Storytelling Is a Meaningless Trope
By Melissa Rodier
For the last few years, every discussion, TED Talk, or article on branding has preached the power of storytelling. That makes sense: It’s science, and millennia of human history have proven it works. That ubiquity has caused storytelling to cross into cliché. The market is saturated with storytellers. LinkedIn feeds are inundated with articles about brand storytelling.
Of course, just because something is a cliché doesn’t take away its importance when done correctly. Overuse doesn’t strip away the science of storytelling, or the success it has proven. What it does mean is that the difference between true storytelling, and buzzword storytelling, is becoming blurrier and blurrier. And that savvy people need to learn the difference between the two.
I sometimes find myself lost on the website TV Tropes for hours as a time. One of the tropes I always come back to is called Seinfeld Is Unfunny. The trope is that something revolutionary or different for its time can become tired, cliché, and predictable in the future. Seinfeld is used as a prime example: the show created a new form of comedy, but every comedy after copied its format. Despite being the progenitor of a genre, Seinfeld might seem unfunny to contemporary audiences who see it as a more predictable version of It’s Always Sunny in Philadelphia. Hamilton swept through last evening’s Tony awards, but in ten-years time when half of Broadway is filled with hip-hop musicals, it will be hard for some to understand how Hamilton was a revolution.
Over the weekend, I binge-watched Halt and Catch Fire. One particular scene inspired me to pull up my YouTube app and watch Apple’s 1984 Super Bowl commercial. That short clip led my down a rabbit hole that ended with watching Steve Jobs’ keynote speech introducing that same ad to an enraptured audience.
As I listened to Jobs tell the Macintosh’s compelling narrative, I noticed a word missing entirely from his remarks: “storytelling.” Jobs was effectively brand storytelling, without leaning on the crutch that is the storytelling buzzword. As I listened to Jobs, in a video that’s more than thirty years old, that line between “storytelling” and storytelling became less and less blurry. Great brands don’t tell you they’re telling stories – they just tell them and draw you in.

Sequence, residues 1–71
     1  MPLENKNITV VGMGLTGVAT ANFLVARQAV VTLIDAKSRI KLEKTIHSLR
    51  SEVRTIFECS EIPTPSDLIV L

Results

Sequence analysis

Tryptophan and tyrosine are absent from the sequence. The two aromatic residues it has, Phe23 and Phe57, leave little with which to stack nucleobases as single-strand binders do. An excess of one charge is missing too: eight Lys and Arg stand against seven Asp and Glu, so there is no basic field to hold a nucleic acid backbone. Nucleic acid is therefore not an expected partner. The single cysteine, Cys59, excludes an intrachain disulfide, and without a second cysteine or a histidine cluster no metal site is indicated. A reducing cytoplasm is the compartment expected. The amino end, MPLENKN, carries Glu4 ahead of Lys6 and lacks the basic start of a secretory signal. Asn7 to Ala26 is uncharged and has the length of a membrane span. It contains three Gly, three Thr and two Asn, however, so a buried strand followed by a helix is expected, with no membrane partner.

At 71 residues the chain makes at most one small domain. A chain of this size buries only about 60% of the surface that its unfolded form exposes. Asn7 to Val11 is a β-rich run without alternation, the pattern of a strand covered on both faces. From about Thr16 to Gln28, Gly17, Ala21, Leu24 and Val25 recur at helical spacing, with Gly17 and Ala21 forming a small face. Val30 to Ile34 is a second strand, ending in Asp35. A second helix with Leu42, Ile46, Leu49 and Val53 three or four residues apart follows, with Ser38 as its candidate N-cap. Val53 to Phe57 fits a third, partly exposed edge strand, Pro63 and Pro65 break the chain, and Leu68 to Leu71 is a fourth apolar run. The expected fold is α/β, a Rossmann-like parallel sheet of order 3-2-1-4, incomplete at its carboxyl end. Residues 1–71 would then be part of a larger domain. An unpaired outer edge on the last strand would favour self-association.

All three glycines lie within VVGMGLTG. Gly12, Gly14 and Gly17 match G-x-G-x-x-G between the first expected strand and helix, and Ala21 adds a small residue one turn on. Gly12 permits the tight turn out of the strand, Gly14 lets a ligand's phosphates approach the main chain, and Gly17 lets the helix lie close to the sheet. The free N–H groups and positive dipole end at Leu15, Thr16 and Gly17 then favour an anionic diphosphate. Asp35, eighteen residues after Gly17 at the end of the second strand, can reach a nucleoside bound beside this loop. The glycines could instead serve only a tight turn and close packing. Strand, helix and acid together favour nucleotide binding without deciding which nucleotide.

I watch Seinfeld and still laugh, because as much of a trope as it may have become it’s still engaging and effective. I can listen to Steve Jobs walk me through the ways that Apple is giving me the gift of powerful and unique home computing because great brand storytelling has always mattered, long before it dominated our social feeds.
So I’m coining a new trope: Storytelling is Uninspiring. The originators of the art form will always inspire, just as Seinfeld will always deliver laughs. The cheap imitators who have turned brand storytelling into a cliché can live within the confines of this trope. It’s those who choose to be defined by their audience instead of their status as a storyteller that are expanding the genre. And I suspect even Steve Jobs would celebrate their ability to think different.
Melissa Rodier is an Associate at Woden. Whatever your storytelling needs may be, let Woden help. Download our free StoryBlueprint, or send us an email at firstname.lastname@example.org to discuss how we can help tell your story.